Agricultural land values fall in opening half of 2020; with ‘modest’ price reductions

Agricultural land values in Ireland noted a “modest decline” in the opening half of 2020, according to the latest data from Sherry FitzGerald Research.

The research further noted that land values declined 0.6% in the second quarter, with prices cumulatively reducing 1.1% from the beginning of January to the end of June.

As such, the weighted average price of farmland in the country, excluding Dublin, stood at approximately €8,800 at the midpoint of the year.

While the opening quarter saw agricultural land values remain “largely resilient”, quarter two was the first full quarter impacted by the Covid-19 outbreak and national lockdown.

However, these events did not appear to have a substantial impact on values in the quarter. Price reductions in the land market were modest and compare directly with 2019, where values fell 1% in the first half of that year.

Drop-off in new supply

In terms of farm types, there was little change in prime grassland values in the first six months of the year.

According to Sherry FitzGerald Research, grassland values reduced by a marginal 0.3%. Comparatively, prime arable and marginal grassland farm types saw larger falls, but still at relatively modest levels of 1.7% and 1.5% respectively.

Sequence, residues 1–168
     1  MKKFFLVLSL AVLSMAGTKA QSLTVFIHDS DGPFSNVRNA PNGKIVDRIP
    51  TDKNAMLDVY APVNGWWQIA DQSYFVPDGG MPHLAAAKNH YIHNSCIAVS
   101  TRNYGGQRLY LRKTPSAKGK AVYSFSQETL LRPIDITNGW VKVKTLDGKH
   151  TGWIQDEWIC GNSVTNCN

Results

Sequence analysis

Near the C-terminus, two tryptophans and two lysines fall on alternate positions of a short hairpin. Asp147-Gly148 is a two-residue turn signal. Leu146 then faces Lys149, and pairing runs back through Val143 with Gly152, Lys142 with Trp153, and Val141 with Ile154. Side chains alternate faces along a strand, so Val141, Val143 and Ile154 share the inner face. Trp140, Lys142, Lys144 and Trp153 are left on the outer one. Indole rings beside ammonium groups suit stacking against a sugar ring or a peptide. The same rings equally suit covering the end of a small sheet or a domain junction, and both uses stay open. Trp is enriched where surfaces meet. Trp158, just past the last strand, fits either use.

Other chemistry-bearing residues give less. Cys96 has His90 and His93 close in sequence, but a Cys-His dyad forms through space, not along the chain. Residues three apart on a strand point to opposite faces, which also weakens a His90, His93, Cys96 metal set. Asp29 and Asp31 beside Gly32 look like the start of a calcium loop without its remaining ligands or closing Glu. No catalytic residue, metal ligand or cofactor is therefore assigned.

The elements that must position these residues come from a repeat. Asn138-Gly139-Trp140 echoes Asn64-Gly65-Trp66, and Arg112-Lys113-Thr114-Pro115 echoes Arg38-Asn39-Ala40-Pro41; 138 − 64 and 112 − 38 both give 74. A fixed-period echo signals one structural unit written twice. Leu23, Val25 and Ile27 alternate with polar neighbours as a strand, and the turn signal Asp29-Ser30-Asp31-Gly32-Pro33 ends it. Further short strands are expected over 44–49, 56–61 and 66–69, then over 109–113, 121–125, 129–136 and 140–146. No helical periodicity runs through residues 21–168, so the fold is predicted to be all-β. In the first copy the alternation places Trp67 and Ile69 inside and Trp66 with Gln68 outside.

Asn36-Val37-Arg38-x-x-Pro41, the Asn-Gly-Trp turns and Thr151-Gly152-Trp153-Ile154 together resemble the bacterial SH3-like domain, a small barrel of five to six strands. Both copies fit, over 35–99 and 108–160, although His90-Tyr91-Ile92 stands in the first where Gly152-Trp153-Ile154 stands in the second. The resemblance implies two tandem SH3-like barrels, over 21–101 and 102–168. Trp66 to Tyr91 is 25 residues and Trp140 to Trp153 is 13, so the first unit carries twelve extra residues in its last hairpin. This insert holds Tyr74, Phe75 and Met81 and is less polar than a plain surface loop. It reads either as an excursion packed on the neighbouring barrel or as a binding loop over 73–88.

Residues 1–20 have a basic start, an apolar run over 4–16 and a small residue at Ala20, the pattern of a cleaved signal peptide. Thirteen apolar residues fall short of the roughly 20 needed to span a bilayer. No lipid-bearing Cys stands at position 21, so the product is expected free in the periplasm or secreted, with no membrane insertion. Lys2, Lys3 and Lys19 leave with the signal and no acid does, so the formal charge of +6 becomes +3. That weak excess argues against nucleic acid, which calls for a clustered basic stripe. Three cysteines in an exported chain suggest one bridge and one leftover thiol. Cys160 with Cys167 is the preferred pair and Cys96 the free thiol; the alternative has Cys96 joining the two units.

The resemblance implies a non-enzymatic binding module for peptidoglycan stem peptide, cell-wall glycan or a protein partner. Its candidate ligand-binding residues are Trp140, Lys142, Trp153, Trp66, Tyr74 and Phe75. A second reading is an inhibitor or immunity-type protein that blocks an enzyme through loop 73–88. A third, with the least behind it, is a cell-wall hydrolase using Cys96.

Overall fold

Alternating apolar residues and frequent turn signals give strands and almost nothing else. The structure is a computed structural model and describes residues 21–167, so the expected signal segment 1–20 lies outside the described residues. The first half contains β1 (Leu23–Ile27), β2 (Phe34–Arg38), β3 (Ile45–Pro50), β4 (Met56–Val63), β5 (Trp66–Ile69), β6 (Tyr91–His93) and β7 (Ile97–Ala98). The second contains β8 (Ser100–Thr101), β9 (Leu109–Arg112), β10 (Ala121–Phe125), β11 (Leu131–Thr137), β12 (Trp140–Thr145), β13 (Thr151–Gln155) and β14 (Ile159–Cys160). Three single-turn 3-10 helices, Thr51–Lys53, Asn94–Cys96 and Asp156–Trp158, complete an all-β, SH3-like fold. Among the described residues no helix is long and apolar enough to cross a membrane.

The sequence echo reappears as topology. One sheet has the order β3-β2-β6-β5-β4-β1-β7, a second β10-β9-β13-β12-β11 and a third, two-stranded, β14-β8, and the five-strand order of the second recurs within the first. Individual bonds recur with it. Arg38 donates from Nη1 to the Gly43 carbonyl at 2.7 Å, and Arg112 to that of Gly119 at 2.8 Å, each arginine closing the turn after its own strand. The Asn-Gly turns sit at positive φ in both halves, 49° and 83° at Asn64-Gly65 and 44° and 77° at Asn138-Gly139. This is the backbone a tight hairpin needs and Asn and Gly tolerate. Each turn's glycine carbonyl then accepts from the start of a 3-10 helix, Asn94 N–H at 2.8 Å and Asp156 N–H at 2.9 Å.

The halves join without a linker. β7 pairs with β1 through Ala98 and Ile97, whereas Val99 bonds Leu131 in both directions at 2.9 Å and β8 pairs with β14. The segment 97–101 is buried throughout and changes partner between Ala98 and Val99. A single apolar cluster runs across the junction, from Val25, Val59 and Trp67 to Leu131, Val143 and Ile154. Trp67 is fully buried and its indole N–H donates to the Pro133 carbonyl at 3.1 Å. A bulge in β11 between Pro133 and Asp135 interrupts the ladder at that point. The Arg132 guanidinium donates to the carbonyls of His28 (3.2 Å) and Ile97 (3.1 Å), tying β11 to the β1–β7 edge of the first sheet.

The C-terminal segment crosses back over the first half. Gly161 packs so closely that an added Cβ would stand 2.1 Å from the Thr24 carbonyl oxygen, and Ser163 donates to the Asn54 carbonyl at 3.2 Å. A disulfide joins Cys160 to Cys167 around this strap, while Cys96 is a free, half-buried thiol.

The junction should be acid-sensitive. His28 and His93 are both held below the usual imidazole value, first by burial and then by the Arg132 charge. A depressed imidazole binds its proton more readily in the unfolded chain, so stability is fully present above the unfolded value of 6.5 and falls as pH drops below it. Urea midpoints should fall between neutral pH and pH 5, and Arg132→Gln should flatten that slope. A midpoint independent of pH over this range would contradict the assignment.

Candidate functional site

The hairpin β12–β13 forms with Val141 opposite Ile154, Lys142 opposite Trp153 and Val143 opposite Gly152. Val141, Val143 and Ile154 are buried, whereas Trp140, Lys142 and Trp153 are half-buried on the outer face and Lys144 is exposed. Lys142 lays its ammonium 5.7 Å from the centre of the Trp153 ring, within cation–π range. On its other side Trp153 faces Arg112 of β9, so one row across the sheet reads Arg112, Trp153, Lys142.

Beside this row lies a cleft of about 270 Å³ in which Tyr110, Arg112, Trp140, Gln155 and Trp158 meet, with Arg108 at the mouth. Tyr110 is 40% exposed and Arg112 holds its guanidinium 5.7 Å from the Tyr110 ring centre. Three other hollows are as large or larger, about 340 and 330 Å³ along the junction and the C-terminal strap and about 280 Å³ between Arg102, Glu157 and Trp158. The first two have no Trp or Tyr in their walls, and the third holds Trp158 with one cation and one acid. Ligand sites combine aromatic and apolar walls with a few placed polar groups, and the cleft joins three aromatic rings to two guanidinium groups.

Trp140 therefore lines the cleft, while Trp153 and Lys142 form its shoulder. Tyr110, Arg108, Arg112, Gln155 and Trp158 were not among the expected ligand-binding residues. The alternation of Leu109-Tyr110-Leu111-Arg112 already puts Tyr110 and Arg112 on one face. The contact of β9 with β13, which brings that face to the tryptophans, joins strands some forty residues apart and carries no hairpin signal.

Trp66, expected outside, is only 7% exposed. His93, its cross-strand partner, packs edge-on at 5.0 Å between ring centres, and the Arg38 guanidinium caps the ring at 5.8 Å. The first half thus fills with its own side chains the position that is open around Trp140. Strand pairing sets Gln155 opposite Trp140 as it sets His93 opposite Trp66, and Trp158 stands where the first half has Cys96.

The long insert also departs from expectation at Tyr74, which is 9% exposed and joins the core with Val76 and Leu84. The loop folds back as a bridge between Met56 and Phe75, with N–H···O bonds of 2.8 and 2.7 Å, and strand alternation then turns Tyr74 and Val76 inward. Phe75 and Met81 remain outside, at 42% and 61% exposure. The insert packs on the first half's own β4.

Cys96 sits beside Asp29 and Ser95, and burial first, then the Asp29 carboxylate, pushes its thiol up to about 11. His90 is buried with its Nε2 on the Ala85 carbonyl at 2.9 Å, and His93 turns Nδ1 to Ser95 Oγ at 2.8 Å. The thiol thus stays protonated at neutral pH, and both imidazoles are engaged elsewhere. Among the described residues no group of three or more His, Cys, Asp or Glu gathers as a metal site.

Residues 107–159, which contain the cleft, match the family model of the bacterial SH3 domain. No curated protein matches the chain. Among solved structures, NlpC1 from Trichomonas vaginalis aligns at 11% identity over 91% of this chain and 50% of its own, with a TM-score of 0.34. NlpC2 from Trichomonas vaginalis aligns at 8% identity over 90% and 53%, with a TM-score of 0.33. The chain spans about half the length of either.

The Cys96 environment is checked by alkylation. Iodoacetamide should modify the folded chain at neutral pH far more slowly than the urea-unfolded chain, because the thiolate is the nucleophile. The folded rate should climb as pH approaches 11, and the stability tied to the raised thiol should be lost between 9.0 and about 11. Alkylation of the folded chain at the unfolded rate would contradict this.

At the end of June, the weighted average price of prime arable land in Ireland, excluding Dublin, was approximately €10,600/ac and €9,900 for prime grassland.

In terms of regional price performance, the border region saw the largest reduction in prices in the year to date at 3.4%. More moderate decreases of 1.7%, 1% and 0.9% were recorded in the mid-east, midlands and south-west, respectively.

While Sherry FitzGerald agents have reportedly noted that there has not been a significant decrease in sales compared to the same period last year, there has been a drop-off in new supply being brought to the market; a trend that mirrors what has been seen in the residential market.